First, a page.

The title of the second book of the Old Testament, Exodus, refers to Israel being led out of bondage in Egypt. But, that is really only the first half of the book of Exodus. The later portion, Exodus 19-40, deals with giving of the Law, legislation, and the design and building of the Lord’s residence among his people – that is God’s new temple, and temple worship, among His people. God’s residence at this point is actually not a building but in fact a tent which biblical scholars equate to an living space in the wilderness (EX24-27; 35-40).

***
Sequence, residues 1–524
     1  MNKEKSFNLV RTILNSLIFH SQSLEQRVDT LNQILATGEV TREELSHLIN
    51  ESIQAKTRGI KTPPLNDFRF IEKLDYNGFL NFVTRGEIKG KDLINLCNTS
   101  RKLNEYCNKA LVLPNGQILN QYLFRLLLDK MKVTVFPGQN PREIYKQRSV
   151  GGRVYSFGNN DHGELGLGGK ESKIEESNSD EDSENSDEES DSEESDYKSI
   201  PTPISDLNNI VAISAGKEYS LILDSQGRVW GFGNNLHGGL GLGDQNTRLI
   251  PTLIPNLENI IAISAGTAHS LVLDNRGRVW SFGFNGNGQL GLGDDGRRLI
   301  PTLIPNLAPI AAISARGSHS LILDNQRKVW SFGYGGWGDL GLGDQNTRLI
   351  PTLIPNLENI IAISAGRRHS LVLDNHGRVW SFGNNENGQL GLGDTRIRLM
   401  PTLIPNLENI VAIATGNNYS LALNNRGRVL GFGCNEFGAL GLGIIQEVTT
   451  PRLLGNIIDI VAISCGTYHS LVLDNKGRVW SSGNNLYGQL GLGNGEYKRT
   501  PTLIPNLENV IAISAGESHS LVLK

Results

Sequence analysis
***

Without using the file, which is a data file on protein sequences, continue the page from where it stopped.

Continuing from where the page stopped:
Further, God’s title, the Lord, (also, Yahweh ( I am Who I Am) or Jehovah depending on the translation you are reading) is derived directly from the Exodus story. Although God was involved in the lives of His people in Genesis, it wasn’t until the book of Exodus that God is realized as the God of an event leading toward the salvation of His people rather than a place. Biblical scholars believe that the ancient mindset was to link a deity to a place, so even the Lord came to be linked with the mountain Horeb/Sinai, and later the holy mountain or hill of Zion-Jerusalem in ancient writings. However, He is not the God of a place, He is the God of an event which is realized more clearly in Exodus where the Lord refers to Himself in an extended way, I am Yahweh (Jehovah) your God, who has brought you out from under the burdens of the Egyptians and I will bring you into the land which I swore to give the Abraham, to Isaac, and to Jacob; I will give it to you for a possession. I am Yahweh.” (Ex6:2-8).